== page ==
Hinduism and Law: An Introduction.

Author:Brick, David
Position:Book review

Hinduism and Law: An Introduction. Edited by TIMOTHY LUBN, DONALD R. DAVIS, JR., and JAYANTH K. KRISHNAN. Cambridge: CAMBRIDGE UNIVERSITY PRESS, 2010. Pp. xvi + 303. $90 (cloth), $34.99 (paper).

As its title suggests, Hinduism and Law: An Introduction is an edited volume of essays that deal, in a multitude of ways, with both Hindu religious traditions and law, thereby elucidating the deep and pervasive connections between these two social phenomena. Although the volume's editors do not specify why they have chosen to refer to the work as an introduction, the presumed reason is that it is explicitly intended to provide an "accessible analysis of the main features and periods of what has conventionally been called Hindu law, and of the interrelations between law and Hinduism more broadly, up to the present day" (p. 1). In this way the editors' stated hope (p. 1) is that the work will contribute significantly to the vast body of scholarship already dedicated to exploring the complex intersections between law and religion outside of South Asia. In more concrete terms, the introductory character of the volume means that most of the essays contained therein are essentially surveys or summaries of specific topics related to Hinduism and law, such as the creation of Anglo-Hindu law and the system of caste-based reservations in modern India. When taken together, the specific subjects covered within the volume reflect a broad picture of Hinduism and law that certainly befits an introductory text. Moreover, all of the volume's essays attempt to present Indian materials in a manner that is easily accessible to non-specialists. Thus, for instance, the contributors to the volume generally avoid quoting long passages from primary sources and often cite sources originally composed in Indian languages only in English translation.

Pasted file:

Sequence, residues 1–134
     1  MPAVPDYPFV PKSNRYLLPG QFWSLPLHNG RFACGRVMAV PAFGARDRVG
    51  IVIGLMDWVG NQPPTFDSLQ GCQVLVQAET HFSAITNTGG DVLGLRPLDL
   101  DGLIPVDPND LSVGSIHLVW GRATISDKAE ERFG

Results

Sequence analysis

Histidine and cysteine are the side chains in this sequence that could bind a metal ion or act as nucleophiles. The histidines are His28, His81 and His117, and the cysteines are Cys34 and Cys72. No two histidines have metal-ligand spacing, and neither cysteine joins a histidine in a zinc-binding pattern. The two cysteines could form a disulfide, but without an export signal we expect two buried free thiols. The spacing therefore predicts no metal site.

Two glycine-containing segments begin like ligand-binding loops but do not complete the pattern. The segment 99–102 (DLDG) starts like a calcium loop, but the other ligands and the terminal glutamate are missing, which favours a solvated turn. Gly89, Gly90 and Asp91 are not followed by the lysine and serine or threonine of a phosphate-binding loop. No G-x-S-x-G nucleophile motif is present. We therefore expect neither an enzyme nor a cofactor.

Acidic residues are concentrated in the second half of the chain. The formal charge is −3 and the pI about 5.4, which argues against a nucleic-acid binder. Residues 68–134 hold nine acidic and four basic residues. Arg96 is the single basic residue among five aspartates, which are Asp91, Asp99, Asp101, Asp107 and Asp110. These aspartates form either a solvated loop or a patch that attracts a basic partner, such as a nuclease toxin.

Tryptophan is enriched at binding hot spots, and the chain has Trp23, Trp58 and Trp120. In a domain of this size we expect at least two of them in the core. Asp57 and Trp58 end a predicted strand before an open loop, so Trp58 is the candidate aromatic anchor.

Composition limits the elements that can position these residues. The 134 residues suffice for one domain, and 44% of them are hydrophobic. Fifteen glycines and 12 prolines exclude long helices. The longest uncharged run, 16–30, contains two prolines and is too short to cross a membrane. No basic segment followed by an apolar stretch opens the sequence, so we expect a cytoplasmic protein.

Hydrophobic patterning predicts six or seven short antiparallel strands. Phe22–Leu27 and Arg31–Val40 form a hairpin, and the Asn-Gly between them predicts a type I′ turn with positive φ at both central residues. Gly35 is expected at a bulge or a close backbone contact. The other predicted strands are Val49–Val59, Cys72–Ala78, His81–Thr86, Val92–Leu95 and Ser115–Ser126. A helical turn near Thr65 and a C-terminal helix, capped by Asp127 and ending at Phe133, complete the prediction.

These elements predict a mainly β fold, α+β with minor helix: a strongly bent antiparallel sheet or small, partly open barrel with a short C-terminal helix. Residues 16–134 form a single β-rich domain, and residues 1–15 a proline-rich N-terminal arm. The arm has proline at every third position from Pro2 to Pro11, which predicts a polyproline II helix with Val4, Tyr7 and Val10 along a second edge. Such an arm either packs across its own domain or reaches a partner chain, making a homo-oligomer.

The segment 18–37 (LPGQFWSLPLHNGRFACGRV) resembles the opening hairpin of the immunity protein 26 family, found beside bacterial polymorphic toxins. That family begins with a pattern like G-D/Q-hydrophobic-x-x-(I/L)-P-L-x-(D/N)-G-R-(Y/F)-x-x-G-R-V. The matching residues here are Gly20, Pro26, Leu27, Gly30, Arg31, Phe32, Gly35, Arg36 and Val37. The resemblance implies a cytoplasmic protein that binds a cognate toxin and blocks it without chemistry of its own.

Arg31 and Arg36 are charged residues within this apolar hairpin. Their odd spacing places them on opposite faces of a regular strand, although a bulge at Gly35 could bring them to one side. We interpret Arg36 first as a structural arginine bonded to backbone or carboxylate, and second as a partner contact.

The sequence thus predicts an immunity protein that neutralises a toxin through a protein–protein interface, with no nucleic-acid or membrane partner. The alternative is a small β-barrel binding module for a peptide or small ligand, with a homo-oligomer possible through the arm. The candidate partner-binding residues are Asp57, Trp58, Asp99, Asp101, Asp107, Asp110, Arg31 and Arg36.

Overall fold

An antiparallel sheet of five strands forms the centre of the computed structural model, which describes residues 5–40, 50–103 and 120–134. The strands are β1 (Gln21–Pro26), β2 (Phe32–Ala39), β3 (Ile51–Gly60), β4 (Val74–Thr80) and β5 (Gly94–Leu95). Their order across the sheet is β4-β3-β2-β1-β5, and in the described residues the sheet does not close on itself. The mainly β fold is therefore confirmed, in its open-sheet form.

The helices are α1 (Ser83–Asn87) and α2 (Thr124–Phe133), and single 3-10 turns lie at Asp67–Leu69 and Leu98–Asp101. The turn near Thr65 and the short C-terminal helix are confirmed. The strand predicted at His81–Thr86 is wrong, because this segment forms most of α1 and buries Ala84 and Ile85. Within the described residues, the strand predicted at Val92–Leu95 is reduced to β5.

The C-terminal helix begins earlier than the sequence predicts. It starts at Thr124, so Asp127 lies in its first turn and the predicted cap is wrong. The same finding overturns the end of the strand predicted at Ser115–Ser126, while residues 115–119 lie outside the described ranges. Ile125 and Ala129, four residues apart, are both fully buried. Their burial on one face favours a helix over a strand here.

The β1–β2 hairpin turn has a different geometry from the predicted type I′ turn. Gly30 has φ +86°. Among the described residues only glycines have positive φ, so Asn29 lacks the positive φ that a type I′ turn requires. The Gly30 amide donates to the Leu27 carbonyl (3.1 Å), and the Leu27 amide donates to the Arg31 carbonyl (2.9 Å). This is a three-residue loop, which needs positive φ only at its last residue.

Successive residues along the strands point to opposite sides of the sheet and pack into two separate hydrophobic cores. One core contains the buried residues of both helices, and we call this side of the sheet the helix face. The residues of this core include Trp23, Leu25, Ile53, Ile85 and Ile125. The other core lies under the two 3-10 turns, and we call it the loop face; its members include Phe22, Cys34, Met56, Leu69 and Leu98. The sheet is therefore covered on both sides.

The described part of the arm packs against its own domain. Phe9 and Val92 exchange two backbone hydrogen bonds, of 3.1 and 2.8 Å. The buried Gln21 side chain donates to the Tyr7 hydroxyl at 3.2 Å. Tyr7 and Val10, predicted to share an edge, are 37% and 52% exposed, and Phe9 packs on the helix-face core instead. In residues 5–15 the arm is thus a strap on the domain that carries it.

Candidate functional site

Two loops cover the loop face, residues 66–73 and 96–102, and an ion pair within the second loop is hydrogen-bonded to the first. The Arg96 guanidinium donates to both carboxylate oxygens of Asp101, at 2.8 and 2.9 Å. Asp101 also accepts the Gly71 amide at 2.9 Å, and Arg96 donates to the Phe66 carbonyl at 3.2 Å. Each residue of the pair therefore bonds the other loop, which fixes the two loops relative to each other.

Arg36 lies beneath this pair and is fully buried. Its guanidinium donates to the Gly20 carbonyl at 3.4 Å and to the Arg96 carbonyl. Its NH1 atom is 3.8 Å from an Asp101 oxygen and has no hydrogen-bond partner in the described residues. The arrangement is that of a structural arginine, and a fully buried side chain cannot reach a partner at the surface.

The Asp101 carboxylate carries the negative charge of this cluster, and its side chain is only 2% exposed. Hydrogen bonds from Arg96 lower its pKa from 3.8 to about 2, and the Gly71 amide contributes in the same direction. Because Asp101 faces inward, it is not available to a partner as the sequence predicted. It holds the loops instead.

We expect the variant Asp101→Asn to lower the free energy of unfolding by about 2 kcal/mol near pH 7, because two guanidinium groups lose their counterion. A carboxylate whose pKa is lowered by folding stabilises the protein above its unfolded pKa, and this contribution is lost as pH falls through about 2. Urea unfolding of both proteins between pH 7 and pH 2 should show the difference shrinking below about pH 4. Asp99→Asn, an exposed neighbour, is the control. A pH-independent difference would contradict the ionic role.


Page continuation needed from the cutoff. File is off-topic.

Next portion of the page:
At the outset, a brief introduction written jointly by the volume's three editors establishes two points of fundamental importance to the book as a whole. Firstly, it explains and justifies the use of the terms "Hinduism" and "law" that together constitute the work's self-proclaimed subject (pp. 1-7). Secondly, it explains the logic behind the overall layout of the book, which consists of sixteen "chapters" (the term used to denote the contributors' essays) arranged into three parts. The six chapters that comprise the first part, which is entitled "Hindu Law," all deal directly with either the pan-Indian tradition of Brahmanical...

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